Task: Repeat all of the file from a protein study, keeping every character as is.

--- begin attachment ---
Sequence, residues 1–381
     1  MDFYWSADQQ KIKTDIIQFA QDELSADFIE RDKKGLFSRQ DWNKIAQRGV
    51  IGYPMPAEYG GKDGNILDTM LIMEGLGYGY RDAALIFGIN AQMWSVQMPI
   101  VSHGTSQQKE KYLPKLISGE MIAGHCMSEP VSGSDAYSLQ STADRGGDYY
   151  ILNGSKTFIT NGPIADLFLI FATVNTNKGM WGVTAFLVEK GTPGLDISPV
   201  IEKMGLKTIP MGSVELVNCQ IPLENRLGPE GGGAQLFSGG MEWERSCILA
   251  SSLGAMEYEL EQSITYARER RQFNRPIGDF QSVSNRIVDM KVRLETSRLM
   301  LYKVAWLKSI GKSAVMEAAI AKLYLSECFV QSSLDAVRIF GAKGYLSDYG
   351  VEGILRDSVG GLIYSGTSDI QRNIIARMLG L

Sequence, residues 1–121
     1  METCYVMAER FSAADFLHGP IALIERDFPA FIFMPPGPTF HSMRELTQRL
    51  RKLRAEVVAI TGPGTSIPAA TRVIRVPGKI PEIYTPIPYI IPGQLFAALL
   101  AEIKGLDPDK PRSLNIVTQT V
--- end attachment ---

Sequence, residues 1–381
     1  MDFYWSADQQ KIKTDIIQFA QDELSADFIE RDKKGLFSRQ DWNKIAQRGV
    51  IGYPMPAEYG GKDGNILDTM LIMEGLGYGY RDAALIFGIN AQMWSVQMPI
   101  VSHGTSQQKE KYLPKLISGE MIAGHCMSEP VSGSDAYSLQ STADRGGDYY
   151  ILNGSKTFIT NGPIADLFLI FATVNTNKGM WGVTAFLVEK GTPGLDISPV
   201  IEKMGLKTIP MGSVELVNCQ IPLENRLGPE GGGAQLFSGG MEWERSCILA
   251  SSLGAMEYEL EQSITYARER RQFNRPIGDF QSVSNRIVDM KVRLETSRLM
   301  LYKVAWLKSI GKSAVMEAAI AKLYLSECFV QSSLDAVRIF GAKGYLSDYG
   351  VEGILRDSVG GLIYSGTSDI QRNIIARMLG L

Sequence, residues 1–121
     1  METCYVMAER FSAADFLHGP IALIERDFPA FIFMPPGPTF HSMRELTQRL
    51  RKLRAEVVAI TGPGTSIPAA TRVIRVPGKI PEIYTPIPYI IPGQLFAALL
   101  AEIKGLDPDK PRSLNIVTQT V